How to Create a Customer-Centric Strategy for Your Business


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A customer-centric strategy aims to put customers at the core of business to create positive experiences, thereby building long-term relationships. This can enable you to collect a lot of data that can allow you to have an overall view of your customer. 

Many companies have been trying to create customer-centric strategies but don’t have the necessary components to achieve this. When you design your business with customers in mind, your company will create positive experiences and achieve the desired growth.

Understand customer needs

Gather some feedback that can allow you to understand your customers, then develop systems and processes that meet these needs. You can do this by conducting customer surveys to gather data from emails and website pop-ups. Combine open-ended- and closed-ended questions to know the customer attributions and expectations.

The feedback may reveal that customers are not able to connect with your business efficiently. In this case, a business phone system can be the solution to allow customers to make and receive calls from their smartphones or desktop. 

Customize customer experiences

An additional personalized messaging system can increase value and help you to retain customers. If you remember them by names, they may feel more appreciated and recognized, which can build loyalty. This may help to create healthy and strong bonds, thereby enabling you to become customer-centric. 

Take time to analyze, understand, and create a customer profile. You can use this data to segment your customers and distribute relevant content. For instance, you can group them according to purchase volumes or frequency and then create and send content to each group. Your company vision statement should also be customer-focused, where you define customer service principles. 

Involve everyone

Begin by helping everyone understand customer needs. Encourage collaboration between product development teams, engineering personnel, sales managers, and important decision-makers in your organization.

You can request the marketing team to share the relevant customer profiles with the rest of the team. For a better outcome, allow each team member to have a personalized conversation with the customers. 

You can rotate the support schedule every week by allowing every department to have a dedicated week of such interaction. At the end of every session, everyone may get more insights about customer preferences and expectations and how their efforts influence such expectations.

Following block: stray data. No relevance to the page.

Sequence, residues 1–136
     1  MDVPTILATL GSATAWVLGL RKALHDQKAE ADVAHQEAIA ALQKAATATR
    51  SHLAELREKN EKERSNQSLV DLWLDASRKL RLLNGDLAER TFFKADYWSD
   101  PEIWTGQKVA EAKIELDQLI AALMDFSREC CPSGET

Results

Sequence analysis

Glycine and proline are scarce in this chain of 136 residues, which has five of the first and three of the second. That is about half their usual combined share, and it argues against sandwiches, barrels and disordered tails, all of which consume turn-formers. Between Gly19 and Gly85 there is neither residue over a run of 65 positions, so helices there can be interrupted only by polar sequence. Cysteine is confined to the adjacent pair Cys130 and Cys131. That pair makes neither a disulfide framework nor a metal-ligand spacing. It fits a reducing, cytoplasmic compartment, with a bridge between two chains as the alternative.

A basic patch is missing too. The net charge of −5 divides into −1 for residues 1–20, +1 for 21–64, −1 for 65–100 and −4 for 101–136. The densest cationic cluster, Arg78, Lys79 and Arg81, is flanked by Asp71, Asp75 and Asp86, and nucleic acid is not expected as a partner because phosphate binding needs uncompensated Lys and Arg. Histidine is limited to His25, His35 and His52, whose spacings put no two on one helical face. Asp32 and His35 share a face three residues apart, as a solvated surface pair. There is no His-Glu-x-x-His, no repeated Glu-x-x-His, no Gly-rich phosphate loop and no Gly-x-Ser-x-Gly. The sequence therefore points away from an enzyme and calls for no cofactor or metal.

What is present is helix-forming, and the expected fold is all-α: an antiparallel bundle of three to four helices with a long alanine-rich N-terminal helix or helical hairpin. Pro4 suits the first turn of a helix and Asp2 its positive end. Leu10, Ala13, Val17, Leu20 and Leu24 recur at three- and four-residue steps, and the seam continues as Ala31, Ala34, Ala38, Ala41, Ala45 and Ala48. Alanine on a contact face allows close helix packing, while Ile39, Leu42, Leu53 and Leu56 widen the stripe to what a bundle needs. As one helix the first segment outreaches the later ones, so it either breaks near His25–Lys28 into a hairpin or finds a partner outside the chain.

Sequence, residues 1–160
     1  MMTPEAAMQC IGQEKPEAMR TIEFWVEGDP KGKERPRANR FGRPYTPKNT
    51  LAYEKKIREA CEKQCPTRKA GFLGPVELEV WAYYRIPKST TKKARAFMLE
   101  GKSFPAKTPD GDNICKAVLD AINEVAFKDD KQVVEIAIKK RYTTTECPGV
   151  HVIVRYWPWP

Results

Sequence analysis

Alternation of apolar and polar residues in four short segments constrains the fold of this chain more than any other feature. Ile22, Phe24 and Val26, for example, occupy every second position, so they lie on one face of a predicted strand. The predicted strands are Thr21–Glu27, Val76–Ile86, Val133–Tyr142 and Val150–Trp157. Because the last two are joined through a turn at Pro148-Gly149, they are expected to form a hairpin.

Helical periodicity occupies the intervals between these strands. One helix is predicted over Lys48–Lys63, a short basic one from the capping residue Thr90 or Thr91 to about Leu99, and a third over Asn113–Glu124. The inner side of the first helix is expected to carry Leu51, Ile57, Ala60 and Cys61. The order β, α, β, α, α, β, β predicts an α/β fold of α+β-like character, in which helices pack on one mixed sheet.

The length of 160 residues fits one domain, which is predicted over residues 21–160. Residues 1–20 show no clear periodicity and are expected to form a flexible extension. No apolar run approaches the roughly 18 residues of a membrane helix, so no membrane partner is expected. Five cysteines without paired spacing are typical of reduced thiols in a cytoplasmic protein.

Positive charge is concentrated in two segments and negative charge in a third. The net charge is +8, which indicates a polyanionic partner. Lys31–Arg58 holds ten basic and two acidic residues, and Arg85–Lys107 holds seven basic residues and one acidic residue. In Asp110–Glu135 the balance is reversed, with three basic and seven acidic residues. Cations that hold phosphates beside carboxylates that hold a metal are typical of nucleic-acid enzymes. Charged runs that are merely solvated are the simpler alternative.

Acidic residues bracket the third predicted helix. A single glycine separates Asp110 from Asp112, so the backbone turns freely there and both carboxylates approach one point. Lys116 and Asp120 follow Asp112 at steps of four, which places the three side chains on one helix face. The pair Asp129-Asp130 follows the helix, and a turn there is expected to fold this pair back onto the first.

Provide customer service

Customer-centric organizations consider customer support as a revenue generator rather than a cost. Their support system is what drives their growth as a result of regularly interacting with customers. 

Invest resources and time in your support team by hiring excellent people and treating them as empowered and proactive revenue-generating professionals. Engage customer support agents to facilitate customer service sessions and pay them well. You can also design ways of measuring customer efforts and happiness and then improve their interaction with your company.

Obtain customer feedback

When you design a product or service, you can become customer-centric by understanding how the customers feel about it. Listen to what your customers are saying and what their expectations are. 

Design an appropriate way of regularly collecting and analyzing customer feedback. You can use usability tests, social media, customer feedback surveys, emails, contact forms, and customer interviews. 

Through feedback, your existing customers can help you create a product or service that other customers would love. A customer-centric company recognizes that customers often know what they want. Before you obtain customer feedback, consider the plan for data you want to collect and the part of the customer experience you want to improve. 

Logan Berger
Logan Berger is the President of Berger Consulting Group, LLC a training and consulting company that helps transform organizations. With over 15 years’ of experience he helps BAs, Product Owners, PMs, and teams develop the skills they need to inspire collaboration, creativity, innovation, and get better requirements. Logan teaches collaborative requirements practices, consults on requirements best practices and is an agile product ownership coach.


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